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Bose QuietComfort Earbuds Set a New Standard for Noise Canceling

Bose took its sweet time making wireless earbuds with noise-cancellation. But the Bose QuietComfort Earbuds are finally available and, well, they're fantastic.

bose qc earbuds review
Tucker Bowe

Bose took a long time — maybe too long — to release its first pair of wireless earbuds with active noise-cancellation. But the Bose QuietComfort (QC) Earbuds are finally here. And at $280, they are definitely on the more expensive side. They also come at a time when Apple, Sony, Sennheiser and a host of other audio companies have had their own noise-canceling wireless earbuds out in the wild for a while. So why get the Bose QC Earbuds when you can get other noise-canceling wireless earbuds for significantly less? Well, the noise-cancellation of course.

I've been testing the Bose QC Earbuds for the past few weeks, and while there are other wireless earbuds with excellent noise-canceling abilities, most notably Apple AirPods and the Sony WF-1000XM3, Bose just simply does it better. The Bose QC Earbuds have the most powerful active noise-canceling abilities of any wireless earbuds that I've tested. Better yet, the noise-canceling is very customizable and easy to control.

bose qc earbuds review
Tucker Bowe

The Bose QC Earbuds are compatible with the same companion app as the Bose Headphones 700, and the two pretty much have the same noise-canceling features. There are 11 levels of noise-cancellation — 10 being the most powerful and zero being the lowest, which is actually full transparency mode — and you choose three favorite noise-cancel levels as presets; you can then quickly switch between those three presets by double-tapping on the left earbud. Better yet, you can have the noise-cancellation be turned fully-on (at level 10) without any music playing, which is something that a lot of other noise-canceling wireless earbuds don't natively allow.

The QC Earbuds use similar StayHear silicone eartips that Bose has used with all its previous in-ear headphones, like the Bose QuietComfort 20, and past wireless earbuds, like the Bose SoundSport Free. There are two advantages to this. First, it means that if you've used Bose's earbuds in the past, you know that the new QC Earbuds will fit in your ears, too. And secondly, the design of the StayHear eartips does a good job at passively blocking out ambient sounds. The combination of great active and passive noise-canceling just really makes these the best noise-canceling earbuds out there.

On top of all that, the Bose QC Earbuds are just really good sounding wireless earbuds. Part of this has to do with size of the drivers — they're big, which is also why the earbuds look so big in your ears — and the fact that the QC Earbuds get louder than most wireless earbuds I've tested. Unlike the company's over-ear Headphones 700, there's no in-app way of customizing or adjusting EQ settings on the QC Earbuds. But Bose has integrated something it calls Active EQ that boosts low and high frequencies when you're playing the QC Earbuds at lower volumes. This helps them deliver a great sound dynamic and not just when you're blasting them.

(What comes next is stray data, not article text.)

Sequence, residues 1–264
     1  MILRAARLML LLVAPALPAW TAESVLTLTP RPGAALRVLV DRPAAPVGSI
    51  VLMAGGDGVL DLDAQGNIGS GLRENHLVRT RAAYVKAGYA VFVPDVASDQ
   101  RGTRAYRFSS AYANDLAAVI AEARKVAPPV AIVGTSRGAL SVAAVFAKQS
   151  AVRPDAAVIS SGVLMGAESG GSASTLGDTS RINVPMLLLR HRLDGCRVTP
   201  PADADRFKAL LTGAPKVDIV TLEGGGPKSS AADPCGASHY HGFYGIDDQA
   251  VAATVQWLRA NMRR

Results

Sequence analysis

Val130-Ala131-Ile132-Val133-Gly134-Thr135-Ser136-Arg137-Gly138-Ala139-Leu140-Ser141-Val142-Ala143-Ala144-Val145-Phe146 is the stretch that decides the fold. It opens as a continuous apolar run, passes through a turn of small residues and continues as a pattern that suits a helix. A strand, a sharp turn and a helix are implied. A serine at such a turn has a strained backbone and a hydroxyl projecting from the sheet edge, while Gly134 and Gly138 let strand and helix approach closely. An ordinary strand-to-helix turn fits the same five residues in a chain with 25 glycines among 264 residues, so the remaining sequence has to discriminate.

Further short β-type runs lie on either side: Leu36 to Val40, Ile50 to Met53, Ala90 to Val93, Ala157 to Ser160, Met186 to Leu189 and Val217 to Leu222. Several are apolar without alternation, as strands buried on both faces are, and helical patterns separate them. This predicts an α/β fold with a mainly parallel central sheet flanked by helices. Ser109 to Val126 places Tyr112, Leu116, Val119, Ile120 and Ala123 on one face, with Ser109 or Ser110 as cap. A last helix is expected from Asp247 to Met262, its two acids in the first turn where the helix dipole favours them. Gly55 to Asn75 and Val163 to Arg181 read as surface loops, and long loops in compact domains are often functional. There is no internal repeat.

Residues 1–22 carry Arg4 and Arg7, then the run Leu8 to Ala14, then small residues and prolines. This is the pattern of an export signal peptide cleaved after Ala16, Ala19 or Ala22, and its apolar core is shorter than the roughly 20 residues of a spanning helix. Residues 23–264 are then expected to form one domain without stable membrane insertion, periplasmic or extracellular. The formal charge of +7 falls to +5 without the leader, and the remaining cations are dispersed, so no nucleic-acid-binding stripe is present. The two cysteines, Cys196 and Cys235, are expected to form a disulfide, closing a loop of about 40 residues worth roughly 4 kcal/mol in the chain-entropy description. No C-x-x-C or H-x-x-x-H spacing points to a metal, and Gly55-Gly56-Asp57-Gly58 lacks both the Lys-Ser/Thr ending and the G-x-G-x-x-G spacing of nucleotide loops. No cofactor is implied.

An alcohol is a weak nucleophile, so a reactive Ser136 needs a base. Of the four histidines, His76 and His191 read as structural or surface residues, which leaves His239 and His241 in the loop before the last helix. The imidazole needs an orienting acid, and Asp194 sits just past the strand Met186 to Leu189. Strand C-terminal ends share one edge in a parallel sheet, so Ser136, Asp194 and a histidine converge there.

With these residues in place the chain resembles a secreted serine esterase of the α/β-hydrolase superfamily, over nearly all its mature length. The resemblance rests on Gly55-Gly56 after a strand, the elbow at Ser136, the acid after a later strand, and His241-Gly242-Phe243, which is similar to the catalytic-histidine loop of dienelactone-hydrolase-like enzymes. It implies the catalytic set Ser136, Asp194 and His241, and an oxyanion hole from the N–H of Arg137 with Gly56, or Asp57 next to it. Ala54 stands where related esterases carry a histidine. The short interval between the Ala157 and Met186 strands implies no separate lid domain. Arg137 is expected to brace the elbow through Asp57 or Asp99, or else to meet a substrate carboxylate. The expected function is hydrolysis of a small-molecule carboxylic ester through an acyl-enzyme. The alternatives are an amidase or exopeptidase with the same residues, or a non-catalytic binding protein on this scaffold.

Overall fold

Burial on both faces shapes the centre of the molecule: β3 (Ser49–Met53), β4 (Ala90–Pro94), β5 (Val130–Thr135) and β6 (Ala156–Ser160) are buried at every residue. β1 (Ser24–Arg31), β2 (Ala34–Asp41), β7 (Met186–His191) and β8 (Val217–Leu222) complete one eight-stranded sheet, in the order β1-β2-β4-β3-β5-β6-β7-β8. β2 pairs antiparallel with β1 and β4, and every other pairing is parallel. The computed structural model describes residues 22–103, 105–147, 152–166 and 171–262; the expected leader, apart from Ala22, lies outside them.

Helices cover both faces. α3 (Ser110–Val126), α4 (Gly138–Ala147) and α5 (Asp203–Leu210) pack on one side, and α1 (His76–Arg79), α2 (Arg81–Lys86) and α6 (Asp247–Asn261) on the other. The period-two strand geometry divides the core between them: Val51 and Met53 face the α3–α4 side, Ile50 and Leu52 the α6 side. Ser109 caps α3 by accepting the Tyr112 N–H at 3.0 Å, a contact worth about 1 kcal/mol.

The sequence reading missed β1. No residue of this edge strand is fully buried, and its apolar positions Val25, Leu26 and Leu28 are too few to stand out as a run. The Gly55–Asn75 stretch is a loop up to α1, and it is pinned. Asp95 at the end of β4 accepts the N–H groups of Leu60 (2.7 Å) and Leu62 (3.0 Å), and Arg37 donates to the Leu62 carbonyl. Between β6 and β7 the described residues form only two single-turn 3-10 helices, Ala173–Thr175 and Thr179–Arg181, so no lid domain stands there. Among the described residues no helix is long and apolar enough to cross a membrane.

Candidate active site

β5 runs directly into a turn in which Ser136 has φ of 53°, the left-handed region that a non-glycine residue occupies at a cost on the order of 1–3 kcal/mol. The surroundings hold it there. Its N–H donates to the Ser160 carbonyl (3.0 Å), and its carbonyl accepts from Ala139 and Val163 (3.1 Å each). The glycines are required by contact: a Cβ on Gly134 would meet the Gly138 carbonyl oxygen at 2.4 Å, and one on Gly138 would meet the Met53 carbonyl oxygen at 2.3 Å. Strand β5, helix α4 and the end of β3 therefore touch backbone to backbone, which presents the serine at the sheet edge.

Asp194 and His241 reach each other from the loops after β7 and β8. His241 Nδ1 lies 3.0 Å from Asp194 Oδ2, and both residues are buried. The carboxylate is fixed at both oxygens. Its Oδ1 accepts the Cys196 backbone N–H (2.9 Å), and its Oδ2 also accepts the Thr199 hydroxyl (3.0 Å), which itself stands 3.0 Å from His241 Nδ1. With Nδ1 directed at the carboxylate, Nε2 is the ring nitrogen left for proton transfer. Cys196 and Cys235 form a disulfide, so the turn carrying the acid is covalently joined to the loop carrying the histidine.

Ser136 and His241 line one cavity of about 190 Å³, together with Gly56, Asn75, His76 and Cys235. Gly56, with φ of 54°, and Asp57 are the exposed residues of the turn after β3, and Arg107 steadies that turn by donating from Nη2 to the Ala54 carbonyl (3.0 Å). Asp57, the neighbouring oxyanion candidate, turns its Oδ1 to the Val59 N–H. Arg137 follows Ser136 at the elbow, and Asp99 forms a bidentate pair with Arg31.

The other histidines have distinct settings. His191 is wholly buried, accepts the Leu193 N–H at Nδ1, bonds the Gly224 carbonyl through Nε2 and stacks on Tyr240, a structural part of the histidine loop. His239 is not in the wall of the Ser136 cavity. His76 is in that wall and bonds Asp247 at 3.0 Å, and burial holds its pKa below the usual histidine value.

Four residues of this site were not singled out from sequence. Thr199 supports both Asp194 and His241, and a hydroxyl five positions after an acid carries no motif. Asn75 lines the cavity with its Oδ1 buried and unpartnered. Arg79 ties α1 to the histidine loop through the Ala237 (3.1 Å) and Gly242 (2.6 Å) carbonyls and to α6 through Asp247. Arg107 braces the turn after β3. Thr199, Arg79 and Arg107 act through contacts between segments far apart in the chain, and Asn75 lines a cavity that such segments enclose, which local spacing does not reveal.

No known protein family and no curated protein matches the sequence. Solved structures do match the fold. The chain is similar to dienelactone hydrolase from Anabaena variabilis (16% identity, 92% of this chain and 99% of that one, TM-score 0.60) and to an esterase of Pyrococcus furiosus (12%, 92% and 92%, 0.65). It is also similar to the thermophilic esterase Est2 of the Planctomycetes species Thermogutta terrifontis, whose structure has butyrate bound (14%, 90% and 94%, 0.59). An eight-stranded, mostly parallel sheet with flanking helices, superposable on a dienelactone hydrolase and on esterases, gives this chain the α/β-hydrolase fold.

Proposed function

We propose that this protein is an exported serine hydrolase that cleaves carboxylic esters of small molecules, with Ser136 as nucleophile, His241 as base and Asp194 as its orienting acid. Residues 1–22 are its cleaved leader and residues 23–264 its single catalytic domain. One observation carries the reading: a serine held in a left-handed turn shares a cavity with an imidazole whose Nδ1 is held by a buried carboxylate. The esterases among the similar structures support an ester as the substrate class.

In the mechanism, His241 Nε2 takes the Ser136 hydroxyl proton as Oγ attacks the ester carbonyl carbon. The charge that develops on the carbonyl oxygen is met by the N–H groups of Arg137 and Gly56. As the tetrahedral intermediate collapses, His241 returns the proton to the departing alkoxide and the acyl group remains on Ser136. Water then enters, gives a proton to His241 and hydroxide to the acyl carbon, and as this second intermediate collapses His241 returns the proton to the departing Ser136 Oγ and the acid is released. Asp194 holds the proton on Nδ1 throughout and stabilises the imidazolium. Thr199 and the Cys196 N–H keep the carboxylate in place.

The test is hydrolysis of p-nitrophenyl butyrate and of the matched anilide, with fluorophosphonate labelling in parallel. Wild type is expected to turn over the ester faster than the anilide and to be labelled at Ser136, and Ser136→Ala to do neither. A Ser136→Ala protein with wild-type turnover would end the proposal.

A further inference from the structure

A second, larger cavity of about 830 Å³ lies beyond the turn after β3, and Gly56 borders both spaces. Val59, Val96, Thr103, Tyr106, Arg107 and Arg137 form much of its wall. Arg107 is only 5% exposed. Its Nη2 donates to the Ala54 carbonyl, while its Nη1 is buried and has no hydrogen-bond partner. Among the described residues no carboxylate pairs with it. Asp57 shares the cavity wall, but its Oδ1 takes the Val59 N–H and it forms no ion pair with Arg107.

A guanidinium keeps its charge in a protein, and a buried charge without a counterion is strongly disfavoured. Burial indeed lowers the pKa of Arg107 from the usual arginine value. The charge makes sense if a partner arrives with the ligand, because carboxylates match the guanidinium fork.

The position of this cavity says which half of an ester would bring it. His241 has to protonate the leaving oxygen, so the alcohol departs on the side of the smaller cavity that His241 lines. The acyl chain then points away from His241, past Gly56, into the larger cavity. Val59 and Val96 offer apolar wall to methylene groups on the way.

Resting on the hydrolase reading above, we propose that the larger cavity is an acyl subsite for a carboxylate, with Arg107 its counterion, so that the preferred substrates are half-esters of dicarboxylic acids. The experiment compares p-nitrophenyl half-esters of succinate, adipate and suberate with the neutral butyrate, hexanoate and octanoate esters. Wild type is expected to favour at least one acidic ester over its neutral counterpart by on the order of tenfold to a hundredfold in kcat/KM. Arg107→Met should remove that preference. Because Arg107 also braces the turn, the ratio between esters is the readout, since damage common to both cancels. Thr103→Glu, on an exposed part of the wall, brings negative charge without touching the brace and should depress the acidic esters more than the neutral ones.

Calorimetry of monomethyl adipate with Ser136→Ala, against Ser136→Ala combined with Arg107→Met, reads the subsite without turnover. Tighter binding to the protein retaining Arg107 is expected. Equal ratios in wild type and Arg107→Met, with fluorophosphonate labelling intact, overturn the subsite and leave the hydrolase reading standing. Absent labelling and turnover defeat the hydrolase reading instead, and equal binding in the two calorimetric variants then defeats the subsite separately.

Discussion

bose qc earbuds review
Tucker Bowe

Another thing that I love about the Bose QC Earbuds is that there's also very little learning curve with them. You basically use the Bose Music app once to set them up and customize your noise-cancellation presets, but then you really don't have to use it ever again. There are a few on-earbud controls, but Bose really kept them at a minimum. You can tap the earbuds to play/pause, summon your voice assistant or skip a song, but there's no on-earbud swiping to adjust volume — you have to do that on your smartphone.

If we're in the business of nitpicking, there are a few things that I wish Bose did differently with the QC Earbuds. They can only pair via Bluetooth to one device at a time, unlike Apple's AirPods Pro. Multi-connection is a super convenient feature if you want to watch videos on your laptop and also your smartphone without having to take out your earbuds or opening Bluetooth settings. The charging case is borderline huge and not really conducive to slipping in your pocket. (Although the charging case supports USB-C and wireless charging, which is nice.) And they don't support Dolby Atmos, which is a big feature (along with spatial audio) that Apple gave its AirPods Pro via the latest iOS 14 update.

And even though they have IPX4 water-resistance rating (same as AirPods Pro), I wouldn't recommend exercising with them because they're rather large earbuds; if you're looking for workout earbuds and want Bose's signature sound, go for its new Bose Sport Earbuds, which lack active noise-canceling but are smaller, lighter earbuds — and at $180, they're significantly cheaper too.

Price: $280

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